The global oil surplus is larger than estimated earlier, the International Energy Agency reported today. Supply is likely to exceed consumption by an average of 1.75 million barrels a day in the first half of 2016 as Iran raises production at a higher than anticipated pace, as Saudi Arabia continues to increase production, and as Iraq delivers record production. A month ago the International Energy Agency estimated that supply would exceed consumption by 1.5 million barrels a day in the first half of 2016.
OPEC production climbed by 280,000 in January to 32.63 million barrels a day. That’s about 900,000 barrels a day more than needed from OPEC to meet global consumption, the International Energy Agency estimates.
At the same time, the agency lowered its estimates for global oil demand for 2016 by 100,000 barrels a day from its projections in January. Projected demand growth for 2016 of 1.2 million barrels a day is far below the five-year peak in growth of 1.6 million barrels a day in 2015. The International Energy Agency estimates demand in 2016 to average 95.6 million barrels day.
Oil inventories in developed countries, the agency calculates, rose in December by 7.6 million barrels to 3 billion barrels.
The International Energy Agency did project that non-OPEC production will fall by 600,000 barrels a day in 2016. That’s not enough to bring global supply and demand into balance given the growth in OPEC production.
In today’s trading U.S. benchmark West Texas Intermediate fell 4.31% to $28.41 a barrel. The Brent benchmark fell 6.54% to $30.73 a barrel
Update February 4. On Tuesday, February 2, ExxonMobil (XOM) saw its shadow. The oil and gas industry is looking at six more weeks of winter. Maybe way more than that for the oil services sector.
For the fourth quarter of 2015 Exxon reported earnings of $2.78 billion, a 58% drop from fourth quarter 2014 earnings. The figure was still above Wall Street expectations and the profit for the quarter, lower though it was, stands in stark contrast to the losses reported by Chevon (CVX) and BP (BP) for the period. Losses at those companies came to $588 million and $2.2 billion, respectively, for the quarter.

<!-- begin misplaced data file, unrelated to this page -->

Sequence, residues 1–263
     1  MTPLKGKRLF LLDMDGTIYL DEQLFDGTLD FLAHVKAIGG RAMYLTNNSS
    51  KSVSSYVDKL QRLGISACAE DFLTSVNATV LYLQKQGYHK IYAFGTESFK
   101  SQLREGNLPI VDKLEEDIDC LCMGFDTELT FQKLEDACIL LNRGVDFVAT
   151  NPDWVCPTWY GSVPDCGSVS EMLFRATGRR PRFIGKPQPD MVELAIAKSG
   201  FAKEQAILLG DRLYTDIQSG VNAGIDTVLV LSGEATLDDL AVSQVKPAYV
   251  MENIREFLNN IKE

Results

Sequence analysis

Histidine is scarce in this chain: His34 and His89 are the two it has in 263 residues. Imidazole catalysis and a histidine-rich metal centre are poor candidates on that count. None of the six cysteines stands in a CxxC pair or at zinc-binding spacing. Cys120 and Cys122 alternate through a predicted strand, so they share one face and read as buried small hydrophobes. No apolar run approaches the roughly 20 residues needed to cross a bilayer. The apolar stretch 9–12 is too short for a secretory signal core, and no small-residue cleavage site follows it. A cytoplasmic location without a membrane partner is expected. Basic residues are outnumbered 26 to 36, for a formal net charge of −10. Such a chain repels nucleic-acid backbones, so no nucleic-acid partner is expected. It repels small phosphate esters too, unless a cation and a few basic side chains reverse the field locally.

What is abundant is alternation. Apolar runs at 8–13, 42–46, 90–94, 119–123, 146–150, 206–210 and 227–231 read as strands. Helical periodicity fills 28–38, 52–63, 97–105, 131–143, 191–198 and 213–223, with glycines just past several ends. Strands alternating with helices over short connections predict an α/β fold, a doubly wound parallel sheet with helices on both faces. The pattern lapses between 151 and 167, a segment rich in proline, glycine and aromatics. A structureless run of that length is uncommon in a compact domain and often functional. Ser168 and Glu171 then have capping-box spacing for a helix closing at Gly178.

Simply showing a profit doesn’t mean, however, that Exxon isn’t pressing ahead with plans to cut capital spending. Capital spending for 2016 will be 25% lower to $23.2 billion after a 19% cut in 2015.
Exxon’s business behaved the way that an integrated oil major is supposed to behave. Earnings from refining and marketing (retail gasoline sales) doubled in the quarter from the fourth quarter of 2014 to $1.4 billion from $479 million as margins for those units climbed. That helped offset, to a degree, the 84% drop in profits from oil and gas production.
Exxon’s capital spending budget was conservative even before the projected cuts for 2016. With this recent reduction Exxon’s budget for 2016 of $23.2 billion is below Chevron’s projected $26.6 billion budget.
Cash from operations in all of 2015 totaled $30.3 billion. After capital spending and share repurchases Exxon had to borrow to cover its dividend payout of $12.1 billion for 2015. That’s not a problem for a company like Exxon with its deep credit lines, but it does suggest how tight things must be for oil producers with less access to bank credit.
Exxon is a member of my Jubak Picks 50 long-term portfolio where it’s a core member of the commodities trend silo. I’d say that it’s still early to buy more shares of ExxonMobil–I think we’ve got one more move lower in this sector before oil prices stabilize and then move up by $10 or $15 a barrel by the end of 2016–but I’d be looking to add to positions sometime before the middle of 2016.
For oil service stocks, I think the continued budget cutting at Exxon–even Exxon–suggests that the turn is further out and the pain before that turn is still substantial.
Update September 11, 2015: The consensus on Schlumberger’s (SLB) $14.8 billion bid to buy Cameron International (CAM) is that it’s a call by Schlumberger on a bottom in the oil sector. If it were that justifies the 56% premium that Schlumberger has offered in the deal.
But I’ve got an alternative and less hopeful take. I think the deal testifies to Schlumberger’s belief that capital spending budgets in the oil sector have a lot further to fall—and that to stand any chance of grabbing a bigger piece of this smaller pie, oil service and equipment companies that to be able to offer services and equipment that will help oil producers wring more costs out of their capital spending.